Sharing individual Power BI dataflows, but how?

Recently, I have had a challenge at a customer, where a central teams maintains many dataflows in Power BI, to store their only and single version of the truth. However, this central team maintained many different dataflows in a single workspace, but did not want to share the entire workspace with others. What now? How can they share a single dataflows in Power BI?

In this blog, I will describe different ways to share dataflows in the Power BI service and highlight pros and cons of each solution. Read on to find out what options you have, and what my personal preference would be.

Why sharing dataflows?

Master data management is still a challenge for many organization. Also, backlogs for data platform teams are packed and priorities spread all over. With that, a centrally build and maintained single version of the truth is our every-day challenge. Power BI dataflows can play a role in this area, as self-service data preparation, where individual teams can build up their satellite solutions, which then can be reused by others.

In the same setup, I phased a challenge at a customer. A central team had a Power BI dataflow, which contained data they wanted to make available to other departments, so that they can reuse this data to setup row-level-security in Power BI. Preferably, they managed certain data in a central place, in the data platform. However, as already shared in the introduction of this post, you often have to deal with different priorities in certain teams and overly full backlogs. So the team decided to build a dataflow, where all logic is captured in one place and the resulting table can be used in further solutions.

Sharing a dataflow

So far, so good… but the team has many dataflows like this, and sharing of a dataflow can only be done through workspace permissions. So the entire workspace has to be shared to all dataset creators who use this dataflow. As said, this team has many dataflows like this one, all in one workspace. Patterns like object level security or row level security does not exist in Power BI dataflows unfortunately.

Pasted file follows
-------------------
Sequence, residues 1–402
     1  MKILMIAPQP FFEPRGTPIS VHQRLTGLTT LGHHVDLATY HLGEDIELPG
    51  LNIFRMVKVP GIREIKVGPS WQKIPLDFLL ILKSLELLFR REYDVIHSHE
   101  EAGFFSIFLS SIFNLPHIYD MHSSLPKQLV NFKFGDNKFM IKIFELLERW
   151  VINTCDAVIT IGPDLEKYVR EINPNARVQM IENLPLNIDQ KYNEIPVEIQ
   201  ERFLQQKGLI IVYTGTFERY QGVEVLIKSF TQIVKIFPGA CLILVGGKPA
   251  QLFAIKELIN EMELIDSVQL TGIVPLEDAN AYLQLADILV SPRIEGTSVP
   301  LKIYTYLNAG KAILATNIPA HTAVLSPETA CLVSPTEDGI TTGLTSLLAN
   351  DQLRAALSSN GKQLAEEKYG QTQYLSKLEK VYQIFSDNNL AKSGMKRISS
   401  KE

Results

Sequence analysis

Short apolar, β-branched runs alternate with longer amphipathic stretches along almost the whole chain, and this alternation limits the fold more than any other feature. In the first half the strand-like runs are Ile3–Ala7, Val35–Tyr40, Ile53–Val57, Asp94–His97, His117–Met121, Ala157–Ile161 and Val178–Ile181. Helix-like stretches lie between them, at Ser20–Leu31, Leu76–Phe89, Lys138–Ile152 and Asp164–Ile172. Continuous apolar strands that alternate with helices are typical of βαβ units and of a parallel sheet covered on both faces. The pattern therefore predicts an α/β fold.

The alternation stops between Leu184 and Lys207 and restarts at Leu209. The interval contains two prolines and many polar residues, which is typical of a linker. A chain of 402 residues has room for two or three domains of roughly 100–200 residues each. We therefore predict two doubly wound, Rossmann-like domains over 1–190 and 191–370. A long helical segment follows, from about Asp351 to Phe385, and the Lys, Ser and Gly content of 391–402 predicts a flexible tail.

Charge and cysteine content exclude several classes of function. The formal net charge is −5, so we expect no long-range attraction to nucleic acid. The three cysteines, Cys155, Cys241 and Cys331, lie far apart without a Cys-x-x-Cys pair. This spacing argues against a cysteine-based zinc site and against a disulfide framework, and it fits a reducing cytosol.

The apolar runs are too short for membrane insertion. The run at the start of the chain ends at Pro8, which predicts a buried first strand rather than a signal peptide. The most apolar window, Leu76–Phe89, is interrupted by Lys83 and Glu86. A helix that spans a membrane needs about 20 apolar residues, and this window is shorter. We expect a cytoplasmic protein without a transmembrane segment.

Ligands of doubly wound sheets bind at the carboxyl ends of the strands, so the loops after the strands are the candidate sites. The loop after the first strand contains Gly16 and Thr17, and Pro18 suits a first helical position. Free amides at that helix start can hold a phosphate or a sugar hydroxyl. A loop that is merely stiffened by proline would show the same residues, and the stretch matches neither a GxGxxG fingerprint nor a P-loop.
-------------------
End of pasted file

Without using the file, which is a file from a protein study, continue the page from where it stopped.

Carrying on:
Going forward, imagine that you work in that central team to control all these dataflows and aim for the single source of truth. Let’s go through the different solution options that can apply here, with all its pros and cons.

Setup different workspaces

Since workspace permissions are required, but the data in various dataflows might be sensitive, you do not want to grant workspace permissions with which users can see more data than they should. As a result, you might consider to setup multiple workspaces. Each workspace contains one dataflow that you want to share.

Pros

  • Using native functionality from the Power BI ecosystem.
  • Nothing really fancy and easy to setup.

Cons

  • Endless set of workspaces with one dataflow in each workspace.
  • Access management will be challenging, as you might have to grant permissions on different workspaces for a single user.
  • Active Directory groups can help to keep more control, but still many workspaces to maintain.

Build linked entities

An alternative could be to have one workspace with many different dataflows, all built and maintained by the team. For each user of the dataflows, the team creates one linked entity in the target workspace for reuse. With that, only the dataflow they need is linked to a different workspace. This linked entity is created by the central team that maintains all the dataflows, since they already have permissions on the workspace where the original copy of the upstream dataflow resides.

Pros

  • Single source of truth.
  • All logic and schema in a single place defined.
  • Easy overview with lineage across workspaces.

Cons

Creating copies of the dataflow

The logic of Dataflows can also be exported easily, in a json file structure. The other way around, dataflows can also be restored and imported from a json file back in the Power BI service. By clicking the ellipsis in the workspace menu, you will find a button to export the json file. Via this method, you could potentially create various copies of the dataflow logic, stored in different workspaces.

There are a lot of similarities with the Different workspaces approach mentioned before, though in this case you still have one workspace where you continuously develop and improve your dataflows, and various copies of those dataflows are distributed to other workspaces. Potentially you can use Power BI Deployment Pipelines combined with Azure DevOps for deployment and distribution to other workspaces.

Pros

  • Easy access management via workspace settings.

Cons

  • Logic is duplicated across different workspaces.
  • Access management will be challenging, as you might have to grant permissions on different workspaces for a single user.
  • All dataflows must be refreshed, which causes a higher impact on the upstream data source.